Lobos sports

UNM president: 'Too early to know' about playing fall sports

Without football, athletic directors can't imagine other sports being played

By Will Webber
The New Mexican
Posted 5/27/20

University of New Mexico President Garnett Stokes said Lobos sports will survive, but just like anything else, it'll have to go through some rough patches before the …

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Lobos sports

UNM president: 'Too early to know' about playing fall sports

Without football, athletic directors can't imagine other sports being played

Posted

University of New Mexico President Garnett Stokes said Lobos sports will survive, but just like anything else, it'll have to go through some rough patches before the coronavirus is through wreaking havoc on everyday life.

Stokes addressed reopening college campuses this fall during an extensive interview last week. She said, among other things, UNM is considering an online curriculum if state-mandated health restrictions remain in place this fall.

"Oh, I think there's a continuing future for college athletics," she said. "Student-athletes are an important part, an important subgroup of any university campus. It really is a draw for enrollment for a lot of our students."

She also said every option for getting the university's student-athletes back to competition is on the table. Tentative plans for testing procedures and contact tracing are being developed by her staff.

"I think it's going to be some tough times, but the reality is, that's going to be true all across our country and certainly all across our state," Stokes said. "Athletics is going to emerge here and do well."

The National Collegiate Athletic Association made that possibility considerably easier last week when its Division I Council voted to allow student-athletes in football and men's and women's basketball on campuses for voluntary workouts by June 1.

Several conferences have since made announcements about when athletes would be back - the Southeastern Conference said it will allow its football programs to resume workouts June 8 while the Big 12 has set June 15 for football and July 15 for every other sport.

The Mountain West Conference has remained silent, but last month MWC commissioner Craig Thompson made national headlines when he said there would be no football without all 12 of the league's football-playing colleges allowing students back on campus.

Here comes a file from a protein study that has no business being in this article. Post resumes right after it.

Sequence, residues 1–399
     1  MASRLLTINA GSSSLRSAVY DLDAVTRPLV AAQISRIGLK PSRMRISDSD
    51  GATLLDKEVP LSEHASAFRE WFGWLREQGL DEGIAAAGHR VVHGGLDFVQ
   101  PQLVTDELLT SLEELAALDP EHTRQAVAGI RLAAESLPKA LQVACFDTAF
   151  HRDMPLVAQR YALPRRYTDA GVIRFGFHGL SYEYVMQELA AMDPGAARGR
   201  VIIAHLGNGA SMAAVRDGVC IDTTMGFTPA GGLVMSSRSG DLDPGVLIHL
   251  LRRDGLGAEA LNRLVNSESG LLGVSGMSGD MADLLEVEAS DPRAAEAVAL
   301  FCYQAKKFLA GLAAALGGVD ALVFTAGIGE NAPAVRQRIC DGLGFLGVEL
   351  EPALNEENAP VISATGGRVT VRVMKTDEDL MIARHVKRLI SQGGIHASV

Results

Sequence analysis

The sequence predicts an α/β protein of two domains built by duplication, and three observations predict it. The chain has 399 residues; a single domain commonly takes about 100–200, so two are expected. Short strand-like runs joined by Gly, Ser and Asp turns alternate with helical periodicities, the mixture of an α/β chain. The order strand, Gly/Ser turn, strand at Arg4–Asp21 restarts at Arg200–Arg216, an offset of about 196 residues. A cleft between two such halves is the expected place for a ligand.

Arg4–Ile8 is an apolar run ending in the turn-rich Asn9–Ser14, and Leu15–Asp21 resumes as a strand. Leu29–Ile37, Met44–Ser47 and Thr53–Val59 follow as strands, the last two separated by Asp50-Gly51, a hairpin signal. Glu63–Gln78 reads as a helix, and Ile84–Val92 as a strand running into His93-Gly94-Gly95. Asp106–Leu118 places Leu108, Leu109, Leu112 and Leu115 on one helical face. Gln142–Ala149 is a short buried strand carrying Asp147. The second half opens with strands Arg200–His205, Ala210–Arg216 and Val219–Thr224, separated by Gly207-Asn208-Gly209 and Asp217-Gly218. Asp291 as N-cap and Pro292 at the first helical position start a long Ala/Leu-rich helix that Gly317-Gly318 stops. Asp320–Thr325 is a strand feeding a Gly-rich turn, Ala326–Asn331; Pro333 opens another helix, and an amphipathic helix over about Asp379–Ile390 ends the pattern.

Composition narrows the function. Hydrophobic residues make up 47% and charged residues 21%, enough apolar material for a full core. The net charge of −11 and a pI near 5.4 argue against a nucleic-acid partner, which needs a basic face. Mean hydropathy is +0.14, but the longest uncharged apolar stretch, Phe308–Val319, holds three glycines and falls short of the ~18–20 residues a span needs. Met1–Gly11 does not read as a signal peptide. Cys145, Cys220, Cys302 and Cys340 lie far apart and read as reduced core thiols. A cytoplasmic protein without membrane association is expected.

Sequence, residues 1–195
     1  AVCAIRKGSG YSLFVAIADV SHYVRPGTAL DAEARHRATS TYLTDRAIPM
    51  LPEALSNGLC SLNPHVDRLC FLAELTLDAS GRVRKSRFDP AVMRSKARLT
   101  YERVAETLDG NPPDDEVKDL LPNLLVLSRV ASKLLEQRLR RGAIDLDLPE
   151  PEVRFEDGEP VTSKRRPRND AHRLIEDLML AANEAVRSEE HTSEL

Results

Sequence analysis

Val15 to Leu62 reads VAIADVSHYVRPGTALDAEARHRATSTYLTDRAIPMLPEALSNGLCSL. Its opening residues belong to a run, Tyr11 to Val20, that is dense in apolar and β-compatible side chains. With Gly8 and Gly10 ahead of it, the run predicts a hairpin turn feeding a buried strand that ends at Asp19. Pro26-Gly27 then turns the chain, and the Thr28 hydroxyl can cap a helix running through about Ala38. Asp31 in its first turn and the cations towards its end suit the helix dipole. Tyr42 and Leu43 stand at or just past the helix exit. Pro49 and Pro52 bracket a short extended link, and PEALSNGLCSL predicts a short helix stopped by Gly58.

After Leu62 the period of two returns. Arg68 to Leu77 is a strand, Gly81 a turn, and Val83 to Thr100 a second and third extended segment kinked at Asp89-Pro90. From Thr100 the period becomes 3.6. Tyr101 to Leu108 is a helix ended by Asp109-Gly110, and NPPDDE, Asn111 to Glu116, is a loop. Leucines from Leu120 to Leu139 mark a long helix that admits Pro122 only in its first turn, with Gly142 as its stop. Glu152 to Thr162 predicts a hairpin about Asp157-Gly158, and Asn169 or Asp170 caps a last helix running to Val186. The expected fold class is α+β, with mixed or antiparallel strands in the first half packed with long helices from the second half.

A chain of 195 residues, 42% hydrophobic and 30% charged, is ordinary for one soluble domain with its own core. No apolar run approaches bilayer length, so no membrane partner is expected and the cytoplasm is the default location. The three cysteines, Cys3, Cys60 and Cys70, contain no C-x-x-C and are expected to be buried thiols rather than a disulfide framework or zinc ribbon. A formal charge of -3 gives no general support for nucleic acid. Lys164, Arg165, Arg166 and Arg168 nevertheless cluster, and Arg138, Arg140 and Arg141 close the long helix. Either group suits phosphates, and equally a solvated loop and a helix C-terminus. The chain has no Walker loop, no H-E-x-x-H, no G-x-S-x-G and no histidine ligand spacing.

He took it a step further by saying it would be difficult to imagine other sports being played if the football season isn't held. Football, Thompson said, accounts for about 85 percent of the conference's revenues.

Several states within the MWC are dealing with various levels of coronavirus restrictions. Last week, the California State University system, which includes Fresno State, San Diego State and San Jose State, committed to an online curriculum in the fall.

The following day, the presidents from those universities issued a joint statement saying no decision on athletics had been made, raising optimism that the prospect of sports on closed campuses wasn't dead yet.

"It is hard to say what this will look like," Stokes said. "I think it's too early to know. I'm part of a committee in the Mountain West Conference and we're having those kinds of discussions. Our first priority is, of course, the safety and well-being of our students, and that is also our student-athletes."

UNM athletic director Eddie Nuñez said the financial losses will total in the millions for each Mountain West school. His department is already reporting a deficit of $2.25 million with a year-ending projection that will see it climb well over $3 million.

The loss of football would be nothing short of devastating, Nuñez said. After making a report at a recent board of regents meeting, he said he's had discussions with a number of athletic directors around the country and no one is immune.

"This is happening to everyone, not just to us," he said. "We're doing what we can to stay out in front of it, but if I'm being honest, it's going to hit some places a lot harder than others."

An ESPN report last week said the 65 colleges in the Power Five conferences (SEC, Big 12, Pac-12, Big Ten and ACC) stand to lose $4 billion without football, with a number of colleges at the mid-major level bracing for losses by cutting sports teams.

Both Stokes and Nuñez said there are no plans to cut sports or lay off staff, although several colleges have contacted Nuñez seeking input on how he handled the elimination of multiple sports two years ago.

Bottom line, the NCAA business model relies heavily on football even in smaller markets like UNM.

Much of the MWC's new multiyear TV rights deal with Fox and CBS is anchored in football. Each college is expected to receive as much as $4 million annually from games broadcast on TV.

Assuming there is football this fall, the question then becomes whether or not to allow fans in stadiums.

"There are lots of specifics to figure out there," Stokes said.

If, for example, the governor says groups of no more than 50 people can congregate, it raises a larger question in terms of spacing in a facility with 37,000 seats like UNM's Dreamstyle Stadium.

"Well how far away is the other group of 50?" Stokes said. "I know people smarter than I am are trying to figure out, how do you really make it work? How do you have a few people in the stands to watch something that involves more than 50 players?"

Regardless of what the next few months look like, Stokes said UNM will adhere to the guidelines set down by the governor and health officials.

"It's kind of a shame," she said. "They were poised for really a lot of optimism for our football season, [they] really had done a lot to get their finances in order and then, of course, the bottom kind of falls out with the NCAA."

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